Stevenage council powerless to save 350-year-old cottage from controversial demolition
- Credit: Archant
Planning permission to demolish a 350-year-old cottage has been granted, despite fierce objections from people concerned a building of historical significance will be lost.
Stevenage Borough Council has granted permission for the demolition of The Cottage in Stevenage’s Fishers Green, just five weeks after refusing permission for the property to be torn down to make way for four new houses.
The original plans received 170 formal objections and the council rejected the application as it would have resulted “in the loss of an historic property to the detriment of the character and visual amenities of the area, and the benefit of the residential development would not compensate”.
But Craig Scudder, who bought The Cottage in February last year, immediately submitted plans solely to demolish the property.
It is not a listed building, and constraints in planning law mean the council could only consider the method of demolition in making its decision – despite Mr Scudder citing plans to redevelop the site at a later date.
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Pete and Juliet Simpson, who live at a neighbouring property, said: “We object to the demolition as it will irreparably remove a key piece of Stevenage’s history.
“The cottage is one of only a handful of remaining original dwellings in Stevenage and, of the three remaining 1½-storey 17th-century cottages, it is the only remaining example which has not had its frontage completely obscured.”
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But the council officer’s report said: “While the many comments raised objecting to the application are noted and understood, the remit for assessing the application does not include an assessment unrelated to the method of demolition or site restoration. Legal advice has confirmed this would be unlawful.”
Permission for the demolition has therefore been granted and Mr Scudder intends to raze The Cottage to the ground by October 12.
He said: “There has been a lot of uninformed local noise about the property.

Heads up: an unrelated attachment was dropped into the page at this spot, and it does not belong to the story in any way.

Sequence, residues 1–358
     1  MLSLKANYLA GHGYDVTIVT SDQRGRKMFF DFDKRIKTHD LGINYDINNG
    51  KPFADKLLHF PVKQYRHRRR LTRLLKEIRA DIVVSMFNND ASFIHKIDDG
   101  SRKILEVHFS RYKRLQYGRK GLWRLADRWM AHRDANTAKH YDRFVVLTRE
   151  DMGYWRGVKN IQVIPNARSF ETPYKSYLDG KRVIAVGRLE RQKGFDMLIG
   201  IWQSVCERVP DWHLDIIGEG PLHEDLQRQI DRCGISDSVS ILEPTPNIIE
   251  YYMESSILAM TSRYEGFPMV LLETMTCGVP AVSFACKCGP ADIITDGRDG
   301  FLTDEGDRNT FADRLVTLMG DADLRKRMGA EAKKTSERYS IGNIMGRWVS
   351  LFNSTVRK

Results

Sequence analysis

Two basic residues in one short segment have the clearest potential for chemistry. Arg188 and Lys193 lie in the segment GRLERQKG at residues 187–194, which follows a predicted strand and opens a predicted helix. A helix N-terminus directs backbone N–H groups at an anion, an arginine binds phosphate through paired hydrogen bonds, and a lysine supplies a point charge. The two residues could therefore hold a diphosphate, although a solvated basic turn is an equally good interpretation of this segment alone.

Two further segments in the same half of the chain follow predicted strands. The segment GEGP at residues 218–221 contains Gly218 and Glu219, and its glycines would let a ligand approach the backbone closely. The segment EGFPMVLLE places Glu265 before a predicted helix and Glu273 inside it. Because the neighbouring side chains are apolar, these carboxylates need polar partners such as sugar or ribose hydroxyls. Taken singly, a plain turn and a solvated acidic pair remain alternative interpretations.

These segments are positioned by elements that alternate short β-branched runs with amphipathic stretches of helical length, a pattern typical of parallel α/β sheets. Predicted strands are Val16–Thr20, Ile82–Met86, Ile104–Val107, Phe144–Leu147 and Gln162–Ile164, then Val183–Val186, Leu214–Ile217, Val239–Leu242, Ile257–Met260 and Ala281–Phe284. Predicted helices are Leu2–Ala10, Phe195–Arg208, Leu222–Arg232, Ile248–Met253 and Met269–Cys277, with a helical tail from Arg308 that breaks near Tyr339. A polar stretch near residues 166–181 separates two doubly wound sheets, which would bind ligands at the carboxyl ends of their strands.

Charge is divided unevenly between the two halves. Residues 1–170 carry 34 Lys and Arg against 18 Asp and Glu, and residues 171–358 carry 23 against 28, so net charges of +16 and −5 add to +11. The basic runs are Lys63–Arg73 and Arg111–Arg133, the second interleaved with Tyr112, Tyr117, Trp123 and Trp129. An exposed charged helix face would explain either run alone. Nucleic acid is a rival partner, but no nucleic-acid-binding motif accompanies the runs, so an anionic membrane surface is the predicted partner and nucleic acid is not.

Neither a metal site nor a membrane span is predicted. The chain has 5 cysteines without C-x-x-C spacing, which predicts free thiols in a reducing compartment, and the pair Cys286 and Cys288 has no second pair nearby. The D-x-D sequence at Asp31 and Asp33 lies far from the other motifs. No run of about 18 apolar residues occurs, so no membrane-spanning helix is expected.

“Vast portions of the cottage are not original and it has been deemed unworthy of listing. There is absolutely no basis for keeping it. It is totally unsuited for modern living and impossible to remodel.”
The borough council is seeking legal advice on a last-ditch attempt to protect the building.
Melanie Crawford-Trotman, whose mother lived in the home for 45 years, said: “The proposed demolition of this beautiful cottage has provoked a huge public outcry, in that more of the history of Stevenage will be lost as well as a potentially beautiful home.
“There is a huge surge of public feeling that The Cottage - with its rich history of being a mission hall, a pub, three cottages and a loved and lovely home for at least 45 years - should not be demolished.
“It is an integral part of Fishers Green, situated directly opposite the green itself.
“At point of sale the gardens and apple orchard were lovely, and the house immaculate and full of charm, with original beams and inglenooks, open brickwork and a brick floor in the kitchen.
“We don’t know in what state the house is internally now, but the previously cherished garden has seemingly been wrecked, at best neglected.
“There remains much anger and upset from the family who owned The Cottage previously, the local community and beyond.
“It appears to make nonsense of planning committees and their decisions if a developer is refused planning permission to demolish and build, but then can be given permission to demolish.
“There is still time to save The Cottage and restore it to its former state, for another owner to love.
“A garden can be recreated, but once a 17th century building has gone it has gone forever, taking a part of history with it. This is both a tragedy and travesty and amounts to vandalism.”